“The lips of a strange woman drop as an honeycomb, and her mouth is smoother than oil: But her end is bitter as wormwood, sharp as a two-edged sword” (Proverbs 5:3).
The “strange woman” is actually any woman not instructed in the laws of God, as were the women of Israel, and consequently who tend to practice and encourage idolatrous promiscuity. In the nine proverbs written or collected by David for his son Solomon, this “strange woman” is the subject of at least six urgent and extended warnings. That such warnings were needed (though unheeded) by Solomon is evident from the fact that his marriages with such foreign women finally did lead him and his nation into deadly compromise with the idolatrous practices of other nations. “But king Solomon loved many strange women, . . . his wives turned away his heart after other gods: . . . And Solomon did evil in the sight of the LORD, . . . And likewise did he for all his strange wives, which burnt incense and sacrificed unto their gods” (I Kings 11:1–8).
These warnings in Proverbs, although addressed specifically to young men, apply equally in principle even today to any believer who might be tempted to become involved romantically or sexually with an unbeliever.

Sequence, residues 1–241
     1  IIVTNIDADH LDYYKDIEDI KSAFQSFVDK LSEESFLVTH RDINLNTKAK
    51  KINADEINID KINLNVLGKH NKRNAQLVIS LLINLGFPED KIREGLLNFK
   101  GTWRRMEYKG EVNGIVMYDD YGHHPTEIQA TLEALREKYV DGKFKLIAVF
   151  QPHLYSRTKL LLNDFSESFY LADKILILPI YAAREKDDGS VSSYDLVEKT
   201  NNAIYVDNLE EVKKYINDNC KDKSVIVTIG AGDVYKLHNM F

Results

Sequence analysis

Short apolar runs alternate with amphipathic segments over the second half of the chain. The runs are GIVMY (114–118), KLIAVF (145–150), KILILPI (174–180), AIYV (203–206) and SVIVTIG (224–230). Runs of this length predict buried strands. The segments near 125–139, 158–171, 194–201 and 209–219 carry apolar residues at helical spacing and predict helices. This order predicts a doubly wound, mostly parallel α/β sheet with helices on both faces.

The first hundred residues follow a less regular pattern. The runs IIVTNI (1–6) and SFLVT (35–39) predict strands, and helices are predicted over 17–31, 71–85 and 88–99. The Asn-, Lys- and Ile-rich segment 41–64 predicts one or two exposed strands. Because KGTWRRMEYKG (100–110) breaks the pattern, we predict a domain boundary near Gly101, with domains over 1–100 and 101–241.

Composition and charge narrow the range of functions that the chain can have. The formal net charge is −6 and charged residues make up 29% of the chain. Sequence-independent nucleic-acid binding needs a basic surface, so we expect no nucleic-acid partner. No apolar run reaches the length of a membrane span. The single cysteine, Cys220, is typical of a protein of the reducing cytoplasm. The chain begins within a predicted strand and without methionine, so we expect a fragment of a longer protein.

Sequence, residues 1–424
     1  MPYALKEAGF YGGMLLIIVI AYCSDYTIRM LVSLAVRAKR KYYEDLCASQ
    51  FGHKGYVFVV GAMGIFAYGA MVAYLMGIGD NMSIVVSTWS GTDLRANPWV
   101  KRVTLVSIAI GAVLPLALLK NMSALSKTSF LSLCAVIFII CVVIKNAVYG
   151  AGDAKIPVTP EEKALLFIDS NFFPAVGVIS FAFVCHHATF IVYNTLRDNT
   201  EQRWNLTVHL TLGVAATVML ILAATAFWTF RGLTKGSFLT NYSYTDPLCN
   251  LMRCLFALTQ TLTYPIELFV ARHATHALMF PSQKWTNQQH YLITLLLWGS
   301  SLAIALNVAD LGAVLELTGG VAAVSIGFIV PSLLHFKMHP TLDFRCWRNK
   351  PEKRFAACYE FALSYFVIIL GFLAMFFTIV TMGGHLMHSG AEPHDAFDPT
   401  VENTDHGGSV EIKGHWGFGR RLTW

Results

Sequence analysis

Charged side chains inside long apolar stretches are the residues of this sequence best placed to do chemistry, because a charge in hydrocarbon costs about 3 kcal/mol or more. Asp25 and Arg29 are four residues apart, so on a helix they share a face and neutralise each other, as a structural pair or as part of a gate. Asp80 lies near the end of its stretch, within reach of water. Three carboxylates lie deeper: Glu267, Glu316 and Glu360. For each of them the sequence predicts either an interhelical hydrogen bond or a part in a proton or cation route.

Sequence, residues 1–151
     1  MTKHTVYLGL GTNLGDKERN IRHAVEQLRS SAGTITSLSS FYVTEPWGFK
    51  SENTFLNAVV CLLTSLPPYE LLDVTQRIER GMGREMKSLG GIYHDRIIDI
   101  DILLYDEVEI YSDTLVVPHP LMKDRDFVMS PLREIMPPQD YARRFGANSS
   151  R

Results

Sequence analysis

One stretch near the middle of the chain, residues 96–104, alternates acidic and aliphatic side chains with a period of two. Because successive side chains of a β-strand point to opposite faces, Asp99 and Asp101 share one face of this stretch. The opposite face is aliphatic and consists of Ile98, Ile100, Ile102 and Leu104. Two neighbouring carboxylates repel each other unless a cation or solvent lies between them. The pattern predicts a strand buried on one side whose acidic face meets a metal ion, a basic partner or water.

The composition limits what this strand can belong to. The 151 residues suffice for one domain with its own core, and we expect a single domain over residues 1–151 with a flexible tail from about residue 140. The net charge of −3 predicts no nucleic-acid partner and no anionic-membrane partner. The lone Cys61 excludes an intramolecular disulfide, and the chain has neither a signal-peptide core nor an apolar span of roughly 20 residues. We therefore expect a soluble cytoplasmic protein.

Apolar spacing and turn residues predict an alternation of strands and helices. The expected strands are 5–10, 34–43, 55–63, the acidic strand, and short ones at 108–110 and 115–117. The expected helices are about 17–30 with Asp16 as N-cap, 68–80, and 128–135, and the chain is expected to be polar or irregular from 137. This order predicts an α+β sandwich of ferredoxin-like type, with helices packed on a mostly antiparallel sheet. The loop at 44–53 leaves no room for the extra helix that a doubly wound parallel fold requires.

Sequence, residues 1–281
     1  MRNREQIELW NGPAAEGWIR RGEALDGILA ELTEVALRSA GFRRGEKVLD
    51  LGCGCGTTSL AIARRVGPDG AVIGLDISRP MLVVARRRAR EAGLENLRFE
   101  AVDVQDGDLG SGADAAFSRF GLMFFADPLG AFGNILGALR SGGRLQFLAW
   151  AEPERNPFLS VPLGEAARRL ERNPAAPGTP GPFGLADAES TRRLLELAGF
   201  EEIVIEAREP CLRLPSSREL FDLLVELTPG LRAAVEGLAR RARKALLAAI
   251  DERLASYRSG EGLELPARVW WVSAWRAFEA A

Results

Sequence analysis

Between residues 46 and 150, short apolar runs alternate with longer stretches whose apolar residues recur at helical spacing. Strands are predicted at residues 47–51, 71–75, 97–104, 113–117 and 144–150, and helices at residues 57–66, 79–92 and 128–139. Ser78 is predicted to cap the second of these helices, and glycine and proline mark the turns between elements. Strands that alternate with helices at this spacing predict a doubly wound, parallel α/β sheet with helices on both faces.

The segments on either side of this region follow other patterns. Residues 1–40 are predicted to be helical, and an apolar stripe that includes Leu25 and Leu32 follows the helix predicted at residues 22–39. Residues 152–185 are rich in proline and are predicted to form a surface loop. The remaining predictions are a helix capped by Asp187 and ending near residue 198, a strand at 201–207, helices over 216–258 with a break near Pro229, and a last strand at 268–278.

But there is another application which is even more important. The strange woman is also called a “foolish woman” (e.g., Proverbs 9:13), and actually is personified as “folly,” or “foolishness.” In contrast, the virtuous woman is personified as wisdom (note Proverbs 1:20–33; 3:13–20; 4:5–9; 7:4; 8:1–21; 9:1–11), and the greet theme of Proverbs is the vital importance of true wisdom. In the ultimate sense, of course, folly is none other than the lure to Satan, for “her house is the way to hell, going down to the chambers of death” (Proverbs 7:27). Likewise, wisdom becomes Christ, “for whoso findeth me findeth life” (Proverbs 8:35). HMM